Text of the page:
Ghana's Regions - Northern Region

For those that want to experience real Ghana in all it's beauty and splendour - this is the place to go. The northern region of Ghana is the region which has not been influenced by Colonialism and other European traditions. Here time has turned very slowly and as such has preserved tradition, culture and most of all the land and it's people.

In the beginning of the Colonial Era, the area to the north of the Ashanti Region did not belong to the Crown Colony Gold Coast. It was during the years when Britain, Germany and France started competing in conquering as many African countries as possible that each country sent out people to the Kings of these areas to sign Protection Papers and through that join one of the three Western Countries of Power. George Ekem Ferguson , a Ghanaian originating from Anomabu in the Central Region born to a Ghanaian mother and British father was sent to the North and won the Kings over to the side of the British. Burkina Faso joined the French and Togo the Germans. In 1954 the Northern Territories were formally added to the other regions of Ghana but was more or less ignored by the Foreigners as this region did not have resources in Gold, Cocoa, Diamonds, Ivory and Wood. Maybe this is one of the explanations to the fact that the region and it's people have remained true to nature.

Actually the north of Ghana is divided into three - The Northern Region with Tamale as it's capital city, the Upper West Region with it's capital city Wa and the Upper East Region with it's capital city Bolgatanga. Once you leave the south of Ghana and it's rainforest areas and densely populated landscape you enter a different world. The first thing you will notice are the vast empty landscapes with occasional trees doting the horizon. The Sahel has great influence here. The architecture also changes from that of the south and takes on the forms of the Kraal. The next thing to change is the weather - during the day it is really hot and in the evening the temperature drops drastically, the sun is more intensive and the air becomes very dry. During the dry season between November and June the only vegetation to survive are shrubs and trees like Kola Nut, Shea Butter, Baobab and Neem Trees. The Savanna is home to many species of plants and animals never seen in other parts of Ghana.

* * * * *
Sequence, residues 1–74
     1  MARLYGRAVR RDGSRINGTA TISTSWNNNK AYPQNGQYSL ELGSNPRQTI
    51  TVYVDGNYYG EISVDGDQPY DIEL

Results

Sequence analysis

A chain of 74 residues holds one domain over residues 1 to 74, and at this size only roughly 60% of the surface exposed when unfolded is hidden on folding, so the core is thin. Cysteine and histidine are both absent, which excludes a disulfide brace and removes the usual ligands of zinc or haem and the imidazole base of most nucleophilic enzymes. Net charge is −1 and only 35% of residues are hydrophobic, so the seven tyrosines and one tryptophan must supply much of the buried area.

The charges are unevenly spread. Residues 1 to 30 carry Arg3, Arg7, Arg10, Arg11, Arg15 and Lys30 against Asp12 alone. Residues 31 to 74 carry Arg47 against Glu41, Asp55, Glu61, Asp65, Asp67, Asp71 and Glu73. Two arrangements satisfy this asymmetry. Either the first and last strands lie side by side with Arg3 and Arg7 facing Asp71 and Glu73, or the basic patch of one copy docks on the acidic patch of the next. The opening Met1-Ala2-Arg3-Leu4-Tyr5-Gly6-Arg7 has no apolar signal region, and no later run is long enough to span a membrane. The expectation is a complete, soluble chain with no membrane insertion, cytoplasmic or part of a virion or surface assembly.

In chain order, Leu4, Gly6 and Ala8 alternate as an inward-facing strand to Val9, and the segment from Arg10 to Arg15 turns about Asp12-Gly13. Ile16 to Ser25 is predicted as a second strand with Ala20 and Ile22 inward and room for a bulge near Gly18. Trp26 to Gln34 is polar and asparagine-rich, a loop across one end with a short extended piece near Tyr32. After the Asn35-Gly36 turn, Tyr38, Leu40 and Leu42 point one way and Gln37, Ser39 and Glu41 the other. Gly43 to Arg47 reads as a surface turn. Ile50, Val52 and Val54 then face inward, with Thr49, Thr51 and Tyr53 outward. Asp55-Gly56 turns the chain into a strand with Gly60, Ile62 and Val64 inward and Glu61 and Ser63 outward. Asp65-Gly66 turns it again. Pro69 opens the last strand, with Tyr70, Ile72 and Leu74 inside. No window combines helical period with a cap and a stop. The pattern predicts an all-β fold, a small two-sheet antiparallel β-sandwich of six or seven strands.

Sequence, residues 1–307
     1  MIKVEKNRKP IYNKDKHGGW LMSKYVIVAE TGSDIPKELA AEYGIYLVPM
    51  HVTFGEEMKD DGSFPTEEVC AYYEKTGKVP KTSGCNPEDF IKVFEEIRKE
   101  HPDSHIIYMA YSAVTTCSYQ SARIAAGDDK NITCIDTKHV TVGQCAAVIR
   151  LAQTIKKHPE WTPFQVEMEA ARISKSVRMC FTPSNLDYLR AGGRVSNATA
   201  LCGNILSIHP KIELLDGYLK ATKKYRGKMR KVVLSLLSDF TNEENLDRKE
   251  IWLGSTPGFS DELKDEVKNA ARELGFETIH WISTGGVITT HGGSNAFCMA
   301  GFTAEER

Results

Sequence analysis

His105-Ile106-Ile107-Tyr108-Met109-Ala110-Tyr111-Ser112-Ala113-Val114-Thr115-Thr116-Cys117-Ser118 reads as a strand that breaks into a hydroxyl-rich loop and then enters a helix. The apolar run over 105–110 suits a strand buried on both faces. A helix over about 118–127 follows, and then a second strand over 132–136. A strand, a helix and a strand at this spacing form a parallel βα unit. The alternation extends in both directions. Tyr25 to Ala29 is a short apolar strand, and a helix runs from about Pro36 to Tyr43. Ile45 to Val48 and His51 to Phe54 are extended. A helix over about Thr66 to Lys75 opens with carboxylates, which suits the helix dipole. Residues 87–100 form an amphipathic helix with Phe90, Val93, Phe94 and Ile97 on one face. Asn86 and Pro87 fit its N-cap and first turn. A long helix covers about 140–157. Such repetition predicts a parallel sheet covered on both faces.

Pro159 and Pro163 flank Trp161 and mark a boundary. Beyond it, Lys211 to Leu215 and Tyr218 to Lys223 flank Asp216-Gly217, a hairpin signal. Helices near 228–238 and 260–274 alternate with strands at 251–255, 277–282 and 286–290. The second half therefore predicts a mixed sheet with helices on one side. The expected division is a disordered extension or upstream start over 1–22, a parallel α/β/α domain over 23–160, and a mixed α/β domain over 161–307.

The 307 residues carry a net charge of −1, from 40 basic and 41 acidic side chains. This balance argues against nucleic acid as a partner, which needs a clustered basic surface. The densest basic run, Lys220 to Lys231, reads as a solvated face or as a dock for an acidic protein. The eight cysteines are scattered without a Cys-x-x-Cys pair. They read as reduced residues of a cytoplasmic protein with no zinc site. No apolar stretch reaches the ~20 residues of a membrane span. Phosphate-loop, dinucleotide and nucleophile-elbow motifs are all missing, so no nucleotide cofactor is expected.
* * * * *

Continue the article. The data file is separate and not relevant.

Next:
The Volta Rivers are natural borders between the regions. The Black River reaches down to the beginning of the Brong Ahafo and Volta Regions, the Volta Lake stretches its eastern arms to Yapei along the White Volta about 52 km away from Tamale and its western arm reaches to Buipe at the edge of the Black Volta 100 km away from Tamale. The only mountains in this otherwise flat landscape are the Gamba Highlands which are 300 - 400 meters above sea level and a smaller one of 180 meters in the Sawla Area which connects to the Wa Plateau. Apart from the Volta River and the Volta Lake there are no larger rivers in the north as they all dry up during the dry season.

As the north does not have natural resources like Gold or Wood and did not have enough water sources to farm, they have not been too lucky concerning their economy. This has changed for the better in the past years due to better water systems. Cotton Plantations and Rice Fields were started and are a great success. Beside this the northern region provides Kola Nut, Shea Butter, Tobacco, Maize, Sorghum, Wheat and other Agricultural products like Yam and Beans. Here again the Volta Lake is a connection to the south as the goods are transported down on the Yapei Queen during a two day trip down the Volta Lake.

From the Northern Region we select some sightseeing's.

The Mole National Park

Mole National Park is Ghana's largest wildlife refuge. The park is located in northwest Ghana on grassland savanna and riparian ecosystems at an elevation of 150 m, with sharp escarpment . . .

The Larabanga Mosque

The Larabanga mosque is one of the oldest mosques in West Africa and is the oldest mosque in Ghana. Each year the Larabanga mosque must be renovated due to damage to the mud walls . . .

Paga's Holy Crocodiles

Paga is a town in northern Ghana, lying where the nation's main north-south road reaches the Burkina Faso border, north of Bolgatanga. There are plans to extend the Kumasi-Takoradi railway to Paga. . . .

The Wechiau Hippo Park

The Wechiau community is primarily inhabited by the Lobi people although the land belongs to the Wala people and the Lobi compensate the Wala chief for use of the land. Established in . . .

On the Volta Lake

The Dodi Princess, which predates the relationship between Princess Diana and Dodi Al-Fayed, is a modern passenger cruise ship built in 1991 with an insured passenger capacity passengers. Dodi as an island in the . . .

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